The Woodlands edition | June 2022


Fentanyl task force moves forward in Montgomery County MONTGOMERY COUNTY Commissioners in Mont- gomery County will put together a task force to investigate fentanyl use in Montgomery County, especially among teenage and young adult users. BY JISHNU NAIR According to the Centers for Disease Control and Pre- vention, synthetic opioid overdose deaths nationwide rose 55.6% from 2020-21.

HIGHLIGHTS THE WOODLANDS A resident questionnaire on satisfaction with The Woodlands Township services and other topics will be mailed July 1, and it will close July 22. The township aims to collect at least 2,000 responses, according to officials. The results will be presented to the board Aug. 18 in advance of the township budget workshops. The survey cost the township $27,000, and it has $42,000 budgeted for the project, according to township materials. OAK RIDGE NORTH Plans to widen and align Robinson Road in Oak Ridge North took a step forward May 9 when City Council approved a resolution to acquire a key site from Montgomery County needed to advance the project for $581,576. “[FENTANYL] KILLS PEOPLE UNKNOWINGLY, AND IT’S A HORRIBLE, HORRIBLE DRUG.” JAMES NOACK, MONTGOMERY COUNTY PRECINCT 3 COMMISSIONER The Woodlands Township board of directors will meet at 6 p.m. June 22 at 2801 Technology Forest Blvd., The Woodlands. 281-210-3800. Shenandoah City Council will meet at 7 p.m. June 22 and July 13, at 29955 I-45 N., Shenandoah. 281-298-5522. MEETINGS WE COVER

County Sheriff Rand Henderson said his officers have also encountered marijuana and pressed pills laced with the drug as well. He said the task force combined with access to funding will be a good move going forward. Jason Millsaps, the county’s emergency management director, said expanding access would allow officers to carry multiple units of overdose-reversing drug naloxone, which is usually sold in units of two doses. Kathryn Pin- neri, director of forensic services, said fentanyl overdoses usually require more than one dose.

At a May 10 Commissioners Court session, Precinct 3 Commissioner James Noack brought forward the item. “[Fentanyl] kills people unknowingly, and it’s a horrible, horrible drug,” Noack said. Part of the committee’s purpose will be putting forward money received from lawsuits against drug manufacturers and distributors that Montgomery County joined. Accord- ing to Noack, the county is set to receive $3 million. County Attorney B.D. Griffin also said approximately $30 million will be available for Montgomery County to apply for. Texas Attorney General Ken Paxton secured $1.6 billion from lawsuits against manufacturers, includ- ing Johnson & Johnson, and distributors, including AmerisourceBergen. According to the National Center for Health Statistics, total reported drug overdoses in Texas increased 33% from 2020-21. The federal Drug Enforcement Agency describes fentanyl as a synthetic opioid 80-100 times stronger than morphine, initially designed to relieve pain in cancer patients.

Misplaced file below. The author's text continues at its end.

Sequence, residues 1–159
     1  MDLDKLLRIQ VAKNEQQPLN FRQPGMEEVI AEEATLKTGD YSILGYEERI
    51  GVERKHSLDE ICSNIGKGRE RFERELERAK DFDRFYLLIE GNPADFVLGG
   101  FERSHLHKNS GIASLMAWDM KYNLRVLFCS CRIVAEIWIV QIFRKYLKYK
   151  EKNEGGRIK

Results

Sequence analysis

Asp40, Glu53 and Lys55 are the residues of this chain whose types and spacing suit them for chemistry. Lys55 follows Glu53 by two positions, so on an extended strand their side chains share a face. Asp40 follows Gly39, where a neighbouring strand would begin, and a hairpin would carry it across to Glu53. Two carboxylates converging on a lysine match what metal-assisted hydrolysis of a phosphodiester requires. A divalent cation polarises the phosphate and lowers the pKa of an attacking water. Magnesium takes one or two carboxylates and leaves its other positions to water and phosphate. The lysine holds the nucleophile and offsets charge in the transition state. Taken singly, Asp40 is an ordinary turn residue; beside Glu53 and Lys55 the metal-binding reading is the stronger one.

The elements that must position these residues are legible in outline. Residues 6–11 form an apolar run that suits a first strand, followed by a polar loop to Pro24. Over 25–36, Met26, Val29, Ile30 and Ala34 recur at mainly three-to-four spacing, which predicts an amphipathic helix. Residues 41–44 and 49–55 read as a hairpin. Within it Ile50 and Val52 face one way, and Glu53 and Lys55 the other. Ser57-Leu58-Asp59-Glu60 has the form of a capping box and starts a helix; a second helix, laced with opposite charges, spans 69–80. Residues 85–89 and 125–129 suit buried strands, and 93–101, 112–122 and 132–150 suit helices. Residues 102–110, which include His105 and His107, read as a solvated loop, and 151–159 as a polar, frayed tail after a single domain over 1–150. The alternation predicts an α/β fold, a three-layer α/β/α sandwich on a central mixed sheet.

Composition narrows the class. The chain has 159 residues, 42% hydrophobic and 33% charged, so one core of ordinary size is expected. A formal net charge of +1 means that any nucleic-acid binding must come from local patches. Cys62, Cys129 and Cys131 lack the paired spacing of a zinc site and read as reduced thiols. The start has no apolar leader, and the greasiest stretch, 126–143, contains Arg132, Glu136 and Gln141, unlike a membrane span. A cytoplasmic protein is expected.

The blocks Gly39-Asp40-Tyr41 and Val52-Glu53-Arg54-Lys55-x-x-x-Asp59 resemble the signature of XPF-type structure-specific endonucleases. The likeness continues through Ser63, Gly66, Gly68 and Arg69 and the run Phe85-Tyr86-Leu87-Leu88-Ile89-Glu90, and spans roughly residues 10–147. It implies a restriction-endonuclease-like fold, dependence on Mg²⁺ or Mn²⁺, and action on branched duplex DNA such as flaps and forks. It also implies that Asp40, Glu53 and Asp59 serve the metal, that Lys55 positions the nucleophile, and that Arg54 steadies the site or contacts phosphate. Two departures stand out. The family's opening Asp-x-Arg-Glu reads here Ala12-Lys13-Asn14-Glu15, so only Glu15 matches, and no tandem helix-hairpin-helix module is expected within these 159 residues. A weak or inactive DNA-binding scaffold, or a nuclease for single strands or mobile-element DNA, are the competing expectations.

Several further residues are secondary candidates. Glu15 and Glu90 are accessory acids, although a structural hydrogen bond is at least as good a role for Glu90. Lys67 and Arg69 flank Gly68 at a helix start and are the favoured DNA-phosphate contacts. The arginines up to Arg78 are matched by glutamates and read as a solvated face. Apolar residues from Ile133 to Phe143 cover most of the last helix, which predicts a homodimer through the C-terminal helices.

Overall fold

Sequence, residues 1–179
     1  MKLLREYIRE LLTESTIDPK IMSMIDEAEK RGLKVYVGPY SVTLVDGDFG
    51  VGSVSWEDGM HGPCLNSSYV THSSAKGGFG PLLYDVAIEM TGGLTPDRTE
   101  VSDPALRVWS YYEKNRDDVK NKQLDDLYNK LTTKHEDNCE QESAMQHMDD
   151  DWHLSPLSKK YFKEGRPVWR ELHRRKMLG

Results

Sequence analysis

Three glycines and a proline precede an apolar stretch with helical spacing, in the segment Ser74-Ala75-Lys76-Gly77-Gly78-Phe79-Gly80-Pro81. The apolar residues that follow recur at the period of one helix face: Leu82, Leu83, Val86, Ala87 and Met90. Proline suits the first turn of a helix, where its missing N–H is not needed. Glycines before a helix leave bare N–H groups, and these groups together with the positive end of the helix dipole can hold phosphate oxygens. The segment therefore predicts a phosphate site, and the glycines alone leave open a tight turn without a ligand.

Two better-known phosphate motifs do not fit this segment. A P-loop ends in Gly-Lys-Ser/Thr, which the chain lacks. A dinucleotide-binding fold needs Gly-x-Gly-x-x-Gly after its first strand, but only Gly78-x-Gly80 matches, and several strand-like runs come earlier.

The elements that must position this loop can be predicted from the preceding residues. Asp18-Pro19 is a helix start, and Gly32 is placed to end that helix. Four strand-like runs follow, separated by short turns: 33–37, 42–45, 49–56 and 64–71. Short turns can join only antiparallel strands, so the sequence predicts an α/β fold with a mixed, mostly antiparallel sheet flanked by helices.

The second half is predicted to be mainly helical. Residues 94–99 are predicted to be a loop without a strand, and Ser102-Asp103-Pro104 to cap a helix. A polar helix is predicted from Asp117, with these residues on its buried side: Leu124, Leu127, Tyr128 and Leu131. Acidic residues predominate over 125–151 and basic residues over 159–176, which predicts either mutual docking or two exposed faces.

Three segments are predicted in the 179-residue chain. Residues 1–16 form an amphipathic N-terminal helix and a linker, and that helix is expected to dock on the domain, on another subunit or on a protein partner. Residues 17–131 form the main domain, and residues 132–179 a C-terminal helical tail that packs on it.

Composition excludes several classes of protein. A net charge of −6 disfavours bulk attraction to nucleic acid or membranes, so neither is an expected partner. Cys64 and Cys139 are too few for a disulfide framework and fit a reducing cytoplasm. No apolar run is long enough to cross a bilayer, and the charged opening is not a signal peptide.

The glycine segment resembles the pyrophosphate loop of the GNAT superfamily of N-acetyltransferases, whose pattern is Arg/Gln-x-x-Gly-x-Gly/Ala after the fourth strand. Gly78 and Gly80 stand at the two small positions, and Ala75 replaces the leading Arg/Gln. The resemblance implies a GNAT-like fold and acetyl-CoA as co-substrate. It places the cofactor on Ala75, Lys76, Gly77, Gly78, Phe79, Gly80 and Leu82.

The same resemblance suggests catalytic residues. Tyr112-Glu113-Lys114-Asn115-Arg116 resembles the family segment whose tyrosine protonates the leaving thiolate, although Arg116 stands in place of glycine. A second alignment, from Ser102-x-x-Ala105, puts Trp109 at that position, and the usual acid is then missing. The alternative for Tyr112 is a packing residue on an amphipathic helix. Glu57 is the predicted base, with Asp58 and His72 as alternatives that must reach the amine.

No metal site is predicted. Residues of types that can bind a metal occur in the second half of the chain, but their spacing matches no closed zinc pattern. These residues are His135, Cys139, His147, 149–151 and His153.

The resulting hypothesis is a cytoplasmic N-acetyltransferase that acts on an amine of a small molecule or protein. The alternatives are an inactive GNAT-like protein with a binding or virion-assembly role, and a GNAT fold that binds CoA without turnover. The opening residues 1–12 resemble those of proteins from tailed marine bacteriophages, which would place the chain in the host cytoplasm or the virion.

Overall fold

WHAT IS FENTANYL? The synthetic opioid fentanyl was originally designed to relieve pain in cancer patients.

Fentanyl is a synthetic opioid 80-100 times stronger than morphine.

Synthetic opioid overdose deaths nationwide rose 55.6% from 2020-2021.

Montgomery County will receive $3 million from lawsuits against drug manufacturers.


Funding options for sidewalks eyed for pedestrian safety

acknowledged it lacks a means to fund them. City Manager Heather Neeley said the cost to lay concrete for sidewalks on Maplewood Drive, which extends past the city’s southern limit, would be $200,000, not including costs such as engineering services, drainage and surveying. “We are looking at those things; it’s just not in the budget right now,” she said at the meeting. Council Member Dawn Candy said the project should be prioritized in a way it can be looked at as soon as

possible due to safety concerns for children walking to school. “We’ve got residents who are being impacted. ... It’s a public safety issue,” Candy said. “We need to do some- thing to try to push this forward.” Mayor Paul Bond said the city could reach out to the school dis- trict—Conroe ISD serves Oak Ridge North—for a possible partnership on funding. “If they are telling parents not to allow their children to walk to school because it’s not safe, that’s an issue for the district as well,” Candy said.


OAK RIDGE NORTH The city of Oak Ridge North could look to Conroe ISD to partner on sidewalks city offi- cials said are needed to ensure safety for children walking to school. At a May 23 City Council meeting, members agreed there is a need for sidewalks south of the city but

Oak Ridge North City Council will meet at 7 p.m. June 27 at 27424 Robinson Road, Oak Ridge North. 281-292-4648.

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